U.S. Supreme Court Holds That New York Convention Does Not Bar Nonsignatory From Compelling International Arbitration

09 June 2020 Legal News: Government Enforcement Defense & Investigations Publication
Authors: Max B. Chester Angel L. Valverde

On June 1, 2020, in an opinion authored by Justice Thomas, the U.S. Supreme Court unanimously held that the Convention on Recognition and Enforcement of Arbitral Awards (commonly known as the “New York Convention,” which is incorporated into Chapter II of the Federal Arbitration Act) does not bar a non-signatory from compelling arbitration with a signatory to an international agreement containing an arbitration clause. GE Energy Power Conversion France SAS v. Outokumpu Stainless USA LLC, No. 18-1048. The Supreme Court previously held that under traditional principles of state law, domestic arbitration agreements may be enforced by nonsignatories through “assumption, piercing the corporate veil, alter ego, incorporation by reference, third-party beneficiary theories, waiver and estoppel.” Arthur Anderson LLP v. Carlisle, 556 U.S. 624, 631 (2009). In GE Energy, the Supreme Court extended enforcement by nonsignatories of international arbitration agreements under traditional principles of state law. Specifically, in GE Energy, the Court permitted a nonsignatory to invoke equitable estoppel and compel arbitration with a signatory where the signatory relied on the terms of the agreement containing an arbitration clause in asserting claims against the nonsignatory.

In reaching its conclusion, the Supreme Court noted that the New York Convention focuses almost entirely on arbitral awards and does not address whether nonsignatories may enforce arbitration agreements under domestic doctrines such as equitable estoppel. The Court emphasized that Article II of the FAA (incorporating the New York Convention) contemplates the use of domestic doctrines to fill gaps in the New York Convention. The Court also explained that there is nothing in the drafting history of the New York Convention that suggests the Convention sought to prevent contracting states from applying domestic law that permits nonsignatories to enforce arbitration agreements in additional circumstances. Finally, the Court pointed out that the weight of authority from contracting states indicates that the New York Convention does not prohibit the application of domestic law addressing the enforcement of arbitration agreements. Justice Sotomayor filed a separate concurrence in which she expressed a view that any applicable domestic doctrine must be rooted in the principle of consent to arbitrate and that lower courts must determine, on a case-by-case basis, whether applying a domestic nonsignatory doctrine would violate the New York Convention’s inherent consent restriction.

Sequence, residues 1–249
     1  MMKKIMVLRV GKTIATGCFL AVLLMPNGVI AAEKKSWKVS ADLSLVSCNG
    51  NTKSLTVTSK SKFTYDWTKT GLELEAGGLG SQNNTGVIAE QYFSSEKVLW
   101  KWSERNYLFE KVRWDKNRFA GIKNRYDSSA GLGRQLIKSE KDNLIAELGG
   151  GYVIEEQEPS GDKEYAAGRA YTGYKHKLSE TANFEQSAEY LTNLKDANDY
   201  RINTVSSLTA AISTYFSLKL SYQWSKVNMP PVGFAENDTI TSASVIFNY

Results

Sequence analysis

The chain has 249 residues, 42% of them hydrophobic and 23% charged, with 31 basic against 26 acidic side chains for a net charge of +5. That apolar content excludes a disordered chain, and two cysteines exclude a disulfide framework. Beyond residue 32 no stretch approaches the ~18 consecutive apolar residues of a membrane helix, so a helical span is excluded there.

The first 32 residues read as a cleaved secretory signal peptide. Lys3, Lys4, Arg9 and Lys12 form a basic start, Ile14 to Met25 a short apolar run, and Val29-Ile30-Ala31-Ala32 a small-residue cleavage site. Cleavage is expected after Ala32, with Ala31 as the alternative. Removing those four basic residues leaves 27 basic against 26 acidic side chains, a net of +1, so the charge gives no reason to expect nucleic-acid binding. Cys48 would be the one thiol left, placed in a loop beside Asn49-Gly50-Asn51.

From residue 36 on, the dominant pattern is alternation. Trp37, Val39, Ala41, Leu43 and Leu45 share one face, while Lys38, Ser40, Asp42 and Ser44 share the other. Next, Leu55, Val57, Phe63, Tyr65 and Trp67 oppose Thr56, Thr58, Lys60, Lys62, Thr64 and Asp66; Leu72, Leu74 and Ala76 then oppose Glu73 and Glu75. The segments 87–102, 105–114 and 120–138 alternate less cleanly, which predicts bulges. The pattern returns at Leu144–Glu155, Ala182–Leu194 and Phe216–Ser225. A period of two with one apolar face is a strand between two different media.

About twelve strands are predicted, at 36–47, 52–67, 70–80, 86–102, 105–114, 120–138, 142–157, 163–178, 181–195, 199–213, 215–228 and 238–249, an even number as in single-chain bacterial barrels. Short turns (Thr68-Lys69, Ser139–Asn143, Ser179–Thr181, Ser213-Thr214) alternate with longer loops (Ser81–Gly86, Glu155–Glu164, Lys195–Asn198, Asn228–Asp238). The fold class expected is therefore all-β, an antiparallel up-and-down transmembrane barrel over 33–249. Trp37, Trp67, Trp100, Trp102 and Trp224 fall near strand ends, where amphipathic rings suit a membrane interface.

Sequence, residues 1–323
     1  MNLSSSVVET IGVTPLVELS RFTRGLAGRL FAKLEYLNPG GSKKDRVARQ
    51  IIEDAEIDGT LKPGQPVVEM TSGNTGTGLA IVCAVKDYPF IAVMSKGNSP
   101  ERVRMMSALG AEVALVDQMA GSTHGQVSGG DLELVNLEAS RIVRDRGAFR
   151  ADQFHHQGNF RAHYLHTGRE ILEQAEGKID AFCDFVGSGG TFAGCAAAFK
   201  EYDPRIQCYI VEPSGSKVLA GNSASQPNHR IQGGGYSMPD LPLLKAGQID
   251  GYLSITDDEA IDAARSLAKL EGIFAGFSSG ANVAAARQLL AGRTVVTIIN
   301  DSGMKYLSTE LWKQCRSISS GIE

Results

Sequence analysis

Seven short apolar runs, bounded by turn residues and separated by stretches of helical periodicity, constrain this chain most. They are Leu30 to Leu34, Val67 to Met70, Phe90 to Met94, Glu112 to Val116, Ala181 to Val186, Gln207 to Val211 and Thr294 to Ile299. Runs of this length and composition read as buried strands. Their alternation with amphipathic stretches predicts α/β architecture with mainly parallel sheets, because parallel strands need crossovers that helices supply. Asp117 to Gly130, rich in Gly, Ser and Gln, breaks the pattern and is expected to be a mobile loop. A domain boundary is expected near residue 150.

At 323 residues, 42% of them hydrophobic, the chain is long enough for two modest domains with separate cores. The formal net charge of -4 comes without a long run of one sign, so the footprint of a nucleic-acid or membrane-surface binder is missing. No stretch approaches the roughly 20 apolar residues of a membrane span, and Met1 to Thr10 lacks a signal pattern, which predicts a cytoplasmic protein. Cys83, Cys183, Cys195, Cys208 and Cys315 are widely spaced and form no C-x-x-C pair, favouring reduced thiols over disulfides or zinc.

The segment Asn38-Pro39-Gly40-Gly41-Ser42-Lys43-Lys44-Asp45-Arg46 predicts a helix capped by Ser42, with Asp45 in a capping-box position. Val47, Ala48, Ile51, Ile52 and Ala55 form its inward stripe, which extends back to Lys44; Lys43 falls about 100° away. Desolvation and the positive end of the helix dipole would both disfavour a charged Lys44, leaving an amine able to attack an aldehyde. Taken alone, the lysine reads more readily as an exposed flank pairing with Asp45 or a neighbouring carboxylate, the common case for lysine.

The GE Energy decision is significant for many international commercial relationships involving U.S. parties. Many subcontractors, distributors, vendors, guarantors, and customers in the international commercial chains may not be signatories to agreements containing arbitration clauses. However, if a signatory asserts claims against a nonsignatory under such agreement, the nonsignatory may invoke one of many domestic doctrines to compel arbitration with the signatory.